Wednesday, December 24, 2014

Mama's Gingersnaps

Yom chamishi, 3 Tevet 5775, Mamas' Eve.

As I have said before, December is my Mama's month. Or, more fairly, December is the month of both my mother and my mother-in-law. They were both born in December, my mother on the 19th, and the Dearly Beloved's on the 28th. They both loved Christmas.

I enjoy baking gingersnaps during December, using my mother's recipe. It is such a pleasure to fill my Israeli apartment with the smell of her baking. In December, I like to listen to Silent Night, and Dougie MacLean and even Andrea Boccelli, because this was the music she loved. (I'm not much of an opera aficionada. But for Mama, I'll go the extra kilometer.) My mother-in-law, whom I was never privileged to meet, also loved Silent Night; but she added Hawaiian music to my repertoire, and her mother added cinnamon rolls to my recipes.

We are not a family that holds by secret recipes. Mama always liked to share the wealth, and the smiles. So in her honor, here is the recipe for the gingersnaps that my Judean Rebels football players will get to eat this Thursday night -- if they play like menschen. (I don't mind winning. But the most important thing to me is that I am proud of how they play. So far, they have really made me proud.)

Mama's Gingersnaps

3/4 cup shortening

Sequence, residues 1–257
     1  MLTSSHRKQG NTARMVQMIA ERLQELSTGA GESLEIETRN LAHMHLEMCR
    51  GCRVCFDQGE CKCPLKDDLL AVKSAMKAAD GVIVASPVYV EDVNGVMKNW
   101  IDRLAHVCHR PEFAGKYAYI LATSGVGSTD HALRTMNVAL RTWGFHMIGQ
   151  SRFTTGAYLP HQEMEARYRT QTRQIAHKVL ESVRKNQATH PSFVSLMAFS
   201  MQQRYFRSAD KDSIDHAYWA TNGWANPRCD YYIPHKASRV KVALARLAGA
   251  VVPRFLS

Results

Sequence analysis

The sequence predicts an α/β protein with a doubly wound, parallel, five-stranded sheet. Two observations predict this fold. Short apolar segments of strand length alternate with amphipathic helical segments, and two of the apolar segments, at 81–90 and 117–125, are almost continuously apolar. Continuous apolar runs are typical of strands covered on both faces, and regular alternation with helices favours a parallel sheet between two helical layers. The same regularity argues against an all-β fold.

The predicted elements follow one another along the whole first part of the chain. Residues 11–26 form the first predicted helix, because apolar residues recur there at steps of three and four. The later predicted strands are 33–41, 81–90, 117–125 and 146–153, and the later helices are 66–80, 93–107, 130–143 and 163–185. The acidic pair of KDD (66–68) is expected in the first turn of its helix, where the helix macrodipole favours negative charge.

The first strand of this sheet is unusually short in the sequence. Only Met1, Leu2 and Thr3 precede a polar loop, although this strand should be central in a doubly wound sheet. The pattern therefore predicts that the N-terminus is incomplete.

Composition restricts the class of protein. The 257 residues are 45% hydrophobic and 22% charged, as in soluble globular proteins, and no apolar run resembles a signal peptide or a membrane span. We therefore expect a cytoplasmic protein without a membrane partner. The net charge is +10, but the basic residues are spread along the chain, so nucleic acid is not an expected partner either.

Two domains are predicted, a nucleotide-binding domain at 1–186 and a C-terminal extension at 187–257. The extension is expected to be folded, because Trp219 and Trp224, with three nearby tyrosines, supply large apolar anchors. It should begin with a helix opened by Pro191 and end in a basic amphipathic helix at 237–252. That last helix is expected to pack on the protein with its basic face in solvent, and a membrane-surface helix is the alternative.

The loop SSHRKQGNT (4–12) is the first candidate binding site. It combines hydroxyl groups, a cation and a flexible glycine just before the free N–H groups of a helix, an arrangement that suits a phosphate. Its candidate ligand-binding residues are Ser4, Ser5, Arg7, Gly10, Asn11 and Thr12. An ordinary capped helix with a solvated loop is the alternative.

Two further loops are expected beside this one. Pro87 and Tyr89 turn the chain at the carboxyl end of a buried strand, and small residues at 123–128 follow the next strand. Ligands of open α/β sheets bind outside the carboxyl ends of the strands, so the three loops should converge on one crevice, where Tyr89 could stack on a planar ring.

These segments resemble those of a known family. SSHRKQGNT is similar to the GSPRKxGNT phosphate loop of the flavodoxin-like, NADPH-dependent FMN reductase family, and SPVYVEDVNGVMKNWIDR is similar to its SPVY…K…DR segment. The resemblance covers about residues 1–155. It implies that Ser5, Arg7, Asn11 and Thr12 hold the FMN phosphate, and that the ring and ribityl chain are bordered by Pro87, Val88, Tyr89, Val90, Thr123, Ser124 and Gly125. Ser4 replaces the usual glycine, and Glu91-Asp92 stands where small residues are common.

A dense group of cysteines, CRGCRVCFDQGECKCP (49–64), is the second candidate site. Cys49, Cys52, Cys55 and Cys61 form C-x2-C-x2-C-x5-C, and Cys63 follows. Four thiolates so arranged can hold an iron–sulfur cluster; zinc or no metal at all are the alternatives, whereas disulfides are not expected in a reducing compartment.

1 cup brown sugar
1/4 cup molasses
1 egg
2 and 1/4 cups sifted unbleached white flour
2 teaspoons baking soda
1/2 teaspoon salt
1 teaspoon ground ginger
1 teaspoon ground cinnamon
1/2 teaspoon ground cloves
granulated sugar

Cream together first four ingredients until fluffy. Sift together dry ingredients; stir into molasses mixture. Form into small balls. Roll in granulated sugar. Place two inches apart on parchment paper-covered cookie sheet. Bake at 375 Fahrenheit (190 Celsius) for 12 minutes. Makes 5 dozen cookies.

It's true that "unbleached white flour" is not something I have found easily in Israel... and this does not qualify as a healthy recipe. I may experiment at some point with whole grain flour and coconut oil to replace the shortening and...

Nope, probably not. Tradition is a pretty big deal with my people.

"The secret to preparing unhealthy food and living to tell about it is to make it only once in a while. Eat it. Enjoy it. Then go back to your carrots and tofu and bean sprouts with a clear conscience -- and a happy, happy smile on your face." You can quote me.

1 comment:

  1. This post has been included in the Tevet-Shevat Kosher Cooking Carnival. I hope you'll read, comment and share the various posts and the blog carnival. You're invited to join the KCC community.